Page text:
However, to do so, the department would have to build in a loss of $1 million to $2 million each year into the rate schedule, he said.

The PUB voted unanimously to recommend ending the program.

Denton Municipal Electric

The PUB heard two other reports from consultants working with Denton Municipal Electric that offered a bit of good news Monday morning: Denton was in a good spot to purchase more renewable energy at a competitive price and DME’s trading group is saving money for ratepayers.

Analysts with Enterprise Risk Consulting, an Austin-based consulting firm, told PUB members that DME was in a good position to buy more wind and solar energy that would complement what the city has now.

In addition, the city can buy a special kind of market hedge that will insure DME doesn’t pay too much for electricity when it needs to buy more from the Texas grid.

The group is expected to present the full plan to the PUB and the City Council in October. The plan will include steps to make enough money to repay the $265 million in financing for the city's controversial new natural gas-fired power plant. 

Deb Armintor, the newest PUB board member, called DME’s previous plan to buy renewable energy “bare bones” compared to what Enterprise Risk Consulting was setting up for Denton.

Hileman agreed DME was missing a formal plan.

“It’s also good to have outside voices to bounce ideas off of,” Hileman said.

Analysts in the office of the Energy Management Organization at Denton Municipal Electric on Friday monitor screens with various information to help them determine when to buy and sell electricity at the best price. Friday, July 28, 2017, Denton Municipal Electric in Denton, Texas. Jake King/DRC ORG XMIT: txderDRC
Analysts in the office of the Energy Management Organization at Denton Municipal Electric on Friday monitor screens with various information to help them determine when to buy and sell electricity at the best price. Friday, July 28, 2017, Denton Municipal Electric in Denton, Texas. Jake King/DRC ORG XMIT: txder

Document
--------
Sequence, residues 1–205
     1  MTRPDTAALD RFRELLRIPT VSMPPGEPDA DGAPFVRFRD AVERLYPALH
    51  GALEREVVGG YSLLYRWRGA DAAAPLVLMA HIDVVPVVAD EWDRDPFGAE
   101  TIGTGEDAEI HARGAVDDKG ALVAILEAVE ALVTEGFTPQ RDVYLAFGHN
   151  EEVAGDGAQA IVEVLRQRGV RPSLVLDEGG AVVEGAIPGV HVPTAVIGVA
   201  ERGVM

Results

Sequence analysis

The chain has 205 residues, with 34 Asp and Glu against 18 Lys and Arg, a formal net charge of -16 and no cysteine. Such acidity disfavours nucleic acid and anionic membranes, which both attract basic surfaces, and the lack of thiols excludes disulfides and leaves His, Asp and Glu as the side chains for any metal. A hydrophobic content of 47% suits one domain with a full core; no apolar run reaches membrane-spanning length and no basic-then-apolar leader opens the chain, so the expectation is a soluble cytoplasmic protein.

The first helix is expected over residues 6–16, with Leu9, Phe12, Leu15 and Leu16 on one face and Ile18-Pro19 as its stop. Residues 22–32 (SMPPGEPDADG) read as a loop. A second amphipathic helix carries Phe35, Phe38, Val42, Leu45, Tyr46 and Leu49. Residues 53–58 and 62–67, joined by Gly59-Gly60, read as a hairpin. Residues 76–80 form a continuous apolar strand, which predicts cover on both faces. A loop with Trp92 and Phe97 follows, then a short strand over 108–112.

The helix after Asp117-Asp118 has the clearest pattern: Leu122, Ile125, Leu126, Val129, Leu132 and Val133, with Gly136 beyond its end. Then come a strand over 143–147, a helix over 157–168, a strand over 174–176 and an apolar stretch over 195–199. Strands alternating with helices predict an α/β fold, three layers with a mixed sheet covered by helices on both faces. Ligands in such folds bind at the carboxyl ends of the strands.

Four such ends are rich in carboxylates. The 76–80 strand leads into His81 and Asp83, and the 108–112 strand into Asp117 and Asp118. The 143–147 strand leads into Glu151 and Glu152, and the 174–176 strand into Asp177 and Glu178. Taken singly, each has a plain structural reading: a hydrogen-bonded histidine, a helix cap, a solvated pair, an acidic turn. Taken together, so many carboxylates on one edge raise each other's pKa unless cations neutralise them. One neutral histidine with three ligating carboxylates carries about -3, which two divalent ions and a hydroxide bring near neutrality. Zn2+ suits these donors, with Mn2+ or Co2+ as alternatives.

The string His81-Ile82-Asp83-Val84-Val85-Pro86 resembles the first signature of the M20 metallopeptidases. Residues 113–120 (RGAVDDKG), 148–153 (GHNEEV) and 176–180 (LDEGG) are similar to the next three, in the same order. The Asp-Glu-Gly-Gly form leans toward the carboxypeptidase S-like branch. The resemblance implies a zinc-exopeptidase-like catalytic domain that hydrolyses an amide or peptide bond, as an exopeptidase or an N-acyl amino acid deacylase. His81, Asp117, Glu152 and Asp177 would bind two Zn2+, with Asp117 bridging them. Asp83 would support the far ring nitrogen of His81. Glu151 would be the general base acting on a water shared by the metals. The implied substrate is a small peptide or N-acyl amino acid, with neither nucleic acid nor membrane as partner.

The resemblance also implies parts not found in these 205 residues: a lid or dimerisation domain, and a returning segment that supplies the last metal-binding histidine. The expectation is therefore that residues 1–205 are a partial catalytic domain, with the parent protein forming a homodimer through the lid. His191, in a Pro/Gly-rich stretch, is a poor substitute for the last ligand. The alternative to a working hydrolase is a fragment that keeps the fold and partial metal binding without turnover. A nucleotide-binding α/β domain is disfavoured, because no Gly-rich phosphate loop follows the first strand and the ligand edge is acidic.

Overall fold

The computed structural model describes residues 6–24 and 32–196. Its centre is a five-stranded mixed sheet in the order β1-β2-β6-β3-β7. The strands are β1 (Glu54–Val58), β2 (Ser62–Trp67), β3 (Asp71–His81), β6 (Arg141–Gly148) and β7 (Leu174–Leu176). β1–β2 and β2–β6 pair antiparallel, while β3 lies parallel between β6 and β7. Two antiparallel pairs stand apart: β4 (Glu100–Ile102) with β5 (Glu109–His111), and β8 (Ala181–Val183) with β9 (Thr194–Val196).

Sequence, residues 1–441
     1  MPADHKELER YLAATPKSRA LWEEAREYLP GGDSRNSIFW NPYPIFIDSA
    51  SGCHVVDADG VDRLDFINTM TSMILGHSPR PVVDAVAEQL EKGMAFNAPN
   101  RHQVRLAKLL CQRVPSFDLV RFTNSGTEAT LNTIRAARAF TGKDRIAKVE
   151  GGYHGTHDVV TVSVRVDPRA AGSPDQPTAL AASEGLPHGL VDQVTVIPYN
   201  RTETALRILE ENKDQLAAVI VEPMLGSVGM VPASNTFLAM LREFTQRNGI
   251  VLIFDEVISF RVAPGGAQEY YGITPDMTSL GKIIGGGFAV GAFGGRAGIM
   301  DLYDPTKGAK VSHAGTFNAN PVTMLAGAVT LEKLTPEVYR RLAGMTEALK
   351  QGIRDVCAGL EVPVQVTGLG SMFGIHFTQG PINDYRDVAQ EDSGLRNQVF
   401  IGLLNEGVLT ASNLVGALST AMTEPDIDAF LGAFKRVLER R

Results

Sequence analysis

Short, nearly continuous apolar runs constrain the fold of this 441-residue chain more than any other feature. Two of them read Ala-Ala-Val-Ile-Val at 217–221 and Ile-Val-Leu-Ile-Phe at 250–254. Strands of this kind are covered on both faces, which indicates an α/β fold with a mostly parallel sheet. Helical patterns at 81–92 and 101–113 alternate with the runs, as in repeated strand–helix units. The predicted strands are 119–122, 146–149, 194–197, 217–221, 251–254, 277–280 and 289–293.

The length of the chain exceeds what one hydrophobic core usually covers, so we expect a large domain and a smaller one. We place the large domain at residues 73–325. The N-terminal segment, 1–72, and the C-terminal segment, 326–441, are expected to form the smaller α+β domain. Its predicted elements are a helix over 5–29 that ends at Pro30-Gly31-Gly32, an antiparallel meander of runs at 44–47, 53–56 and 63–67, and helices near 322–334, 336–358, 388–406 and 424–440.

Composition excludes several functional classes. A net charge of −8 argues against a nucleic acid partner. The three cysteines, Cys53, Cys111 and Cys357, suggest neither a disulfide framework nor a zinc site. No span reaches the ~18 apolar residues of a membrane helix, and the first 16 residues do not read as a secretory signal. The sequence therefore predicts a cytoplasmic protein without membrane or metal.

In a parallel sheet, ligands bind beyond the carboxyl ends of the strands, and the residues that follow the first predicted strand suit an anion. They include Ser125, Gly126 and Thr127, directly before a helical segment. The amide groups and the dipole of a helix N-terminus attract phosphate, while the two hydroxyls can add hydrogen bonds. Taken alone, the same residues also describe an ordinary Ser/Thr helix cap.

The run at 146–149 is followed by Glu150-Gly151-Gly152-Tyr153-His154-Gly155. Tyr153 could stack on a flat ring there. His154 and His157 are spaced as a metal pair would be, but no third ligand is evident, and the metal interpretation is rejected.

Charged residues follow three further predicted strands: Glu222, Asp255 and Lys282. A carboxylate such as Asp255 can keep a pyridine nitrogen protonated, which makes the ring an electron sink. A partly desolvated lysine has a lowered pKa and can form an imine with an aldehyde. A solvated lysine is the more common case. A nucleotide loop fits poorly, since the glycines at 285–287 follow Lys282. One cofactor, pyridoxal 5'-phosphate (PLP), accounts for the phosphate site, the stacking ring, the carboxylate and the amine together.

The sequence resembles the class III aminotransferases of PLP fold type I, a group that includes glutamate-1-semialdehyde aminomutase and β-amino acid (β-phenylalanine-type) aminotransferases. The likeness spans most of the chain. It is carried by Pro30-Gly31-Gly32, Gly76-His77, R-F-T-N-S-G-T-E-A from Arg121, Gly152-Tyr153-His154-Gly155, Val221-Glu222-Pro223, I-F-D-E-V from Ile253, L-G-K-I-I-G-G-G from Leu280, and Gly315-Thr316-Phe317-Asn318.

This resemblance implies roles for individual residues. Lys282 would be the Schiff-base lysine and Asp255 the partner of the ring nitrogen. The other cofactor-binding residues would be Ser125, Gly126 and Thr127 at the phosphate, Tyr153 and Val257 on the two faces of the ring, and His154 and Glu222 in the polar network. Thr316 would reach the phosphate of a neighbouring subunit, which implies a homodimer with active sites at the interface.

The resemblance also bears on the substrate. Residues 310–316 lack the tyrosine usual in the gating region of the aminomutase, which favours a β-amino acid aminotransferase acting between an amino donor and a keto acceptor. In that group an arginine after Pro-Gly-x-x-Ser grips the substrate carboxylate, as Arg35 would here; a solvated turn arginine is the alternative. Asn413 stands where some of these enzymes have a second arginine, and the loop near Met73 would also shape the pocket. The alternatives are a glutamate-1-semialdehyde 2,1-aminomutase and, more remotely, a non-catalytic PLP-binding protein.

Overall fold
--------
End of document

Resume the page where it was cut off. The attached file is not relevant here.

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Deloitte has been examining the small group inside DME that buys and sells electricity on the Texas grid. DME used to contract with an outside company for those services. Deloitte agreed the group has been saving money for ratepayers for the past two years, according to Deloitte analyst Stephen Engler. Deloitte recommended a new, more robust way to measure the group’s productivity in the years to come, Engler said.

Deloitte is expected to bring another analysis in October that will show how to best manage the risk of having the group, rather than contracting for the work, Engler said.

The analysts hadn't seen anything so far that concerned them, Engler said, “but like any hedge, you trade one risk for another.”

PUB members agreed the risk assessment was needed and Deloitte will make a similar presentation to the City Council on Tuesday. 

The council  meeting begins at noon Tuesday at City Hall. Council work sessions are live-streamed on the city's website

PEGGY HEINKEL-WOLFE can be reached at 940-566-6881.